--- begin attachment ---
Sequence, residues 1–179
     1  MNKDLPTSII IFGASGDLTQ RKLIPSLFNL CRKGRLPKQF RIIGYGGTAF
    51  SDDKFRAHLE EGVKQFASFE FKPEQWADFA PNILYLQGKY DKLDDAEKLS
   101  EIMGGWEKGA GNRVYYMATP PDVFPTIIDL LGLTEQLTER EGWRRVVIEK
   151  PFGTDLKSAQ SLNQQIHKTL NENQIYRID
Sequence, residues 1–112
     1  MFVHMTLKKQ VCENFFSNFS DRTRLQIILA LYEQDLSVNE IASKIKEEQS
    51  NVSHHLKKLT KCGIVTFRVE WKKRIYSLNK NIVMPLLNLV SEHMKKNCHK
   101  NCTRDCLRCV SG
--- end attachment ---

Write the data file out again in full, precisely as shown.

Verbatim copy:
Sequence, residues 1–179
     1  MNKDLPTSII IFGASGDLTQ RKLIPSLFNL CRKGRLPKQF RIIGYGGTAF
    51  SDDKFRAHLE EGVKQFASFE FKPEQWADFA PNILYLQGKY DKLDDAEKLS
   101  EIMGGWEKGA GNRVYYMATP PDVFPTIIDL LGLTEQLTER EGWRRVVIEK
   151  PFGTDLKSAQ SLNQQIHKTL NENQIYRID
Sequence, residues 1–112
     1  MFVHMTLKKQ VCENFFSNFS DRTRLQIILA LYEQDLSVNE IASKIKEEQS
    51  NVSHHLKKLT KCGIVTFRVE WKKRIYSLNK NIVMPLLNLV SEHMKKNCHK
   101  NCTRDCLRCV SG